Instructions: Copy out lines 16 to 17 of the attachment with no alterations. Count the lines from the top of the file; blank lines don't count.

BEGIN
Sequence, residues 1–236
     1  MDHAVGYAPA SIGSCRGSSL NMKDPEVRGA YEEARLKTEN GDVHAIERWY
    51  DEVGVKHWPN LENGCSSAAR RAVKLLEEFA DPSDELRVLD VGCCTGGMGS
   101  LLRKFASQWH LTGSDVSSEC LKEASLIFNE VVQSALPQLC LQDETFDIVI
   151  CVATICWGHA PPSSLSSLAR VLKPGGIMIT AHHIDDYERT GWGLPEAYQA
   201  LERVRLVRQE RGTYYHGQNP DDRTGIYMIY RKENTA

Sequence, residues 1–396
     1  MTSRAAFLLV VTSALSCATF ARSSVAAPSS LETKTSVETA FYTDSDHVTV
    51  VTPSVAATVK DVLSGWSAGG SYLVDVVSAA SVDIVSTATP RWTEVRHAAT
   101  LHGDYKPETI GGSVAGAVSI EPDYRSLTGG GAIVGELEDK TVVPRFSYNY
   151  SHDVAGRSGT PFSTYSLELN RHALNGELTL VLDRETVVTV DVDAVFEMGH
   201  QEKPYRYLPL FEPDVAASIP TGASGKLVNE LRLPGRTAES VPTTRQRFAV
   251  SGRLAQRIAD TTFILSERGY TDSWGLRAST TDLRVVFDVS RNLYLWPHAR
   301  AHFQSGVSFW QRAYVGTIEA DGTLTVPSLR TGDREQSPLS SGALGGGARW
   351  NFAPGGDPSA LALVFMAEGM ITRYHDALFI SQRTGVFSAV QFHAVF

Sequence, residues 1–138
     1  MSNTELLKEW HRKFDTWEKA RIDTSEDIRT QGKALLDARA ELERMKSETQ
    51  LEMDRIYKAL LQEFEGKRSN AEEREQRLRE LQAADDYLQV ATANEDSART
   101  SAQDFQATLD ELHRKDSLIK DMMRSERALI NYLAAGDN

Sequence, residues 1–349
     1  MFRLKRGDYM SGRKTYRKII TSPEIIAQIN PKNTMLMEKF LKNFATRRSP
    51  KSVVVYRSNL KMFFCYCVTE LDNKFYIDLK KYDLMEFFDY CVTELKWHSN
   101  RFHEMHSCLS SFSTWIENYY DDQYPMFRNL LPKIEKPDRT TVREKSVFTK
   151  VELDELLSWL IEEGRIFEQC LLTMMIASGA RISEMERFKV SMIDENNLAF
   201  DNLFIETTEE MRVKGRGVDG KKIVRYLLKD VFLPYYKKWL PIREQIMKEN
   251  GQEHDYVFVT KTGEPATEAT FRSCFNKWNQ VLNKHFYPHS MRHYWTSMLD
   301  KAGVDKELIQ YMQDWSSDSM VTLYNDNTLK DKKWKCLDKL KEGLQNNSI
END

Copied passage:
Sequence, residues 1–138
     1  MSNTELLKEW HRKFDTWEKA RIDTSEDIRT QGKALLDARA ELERMKSETQ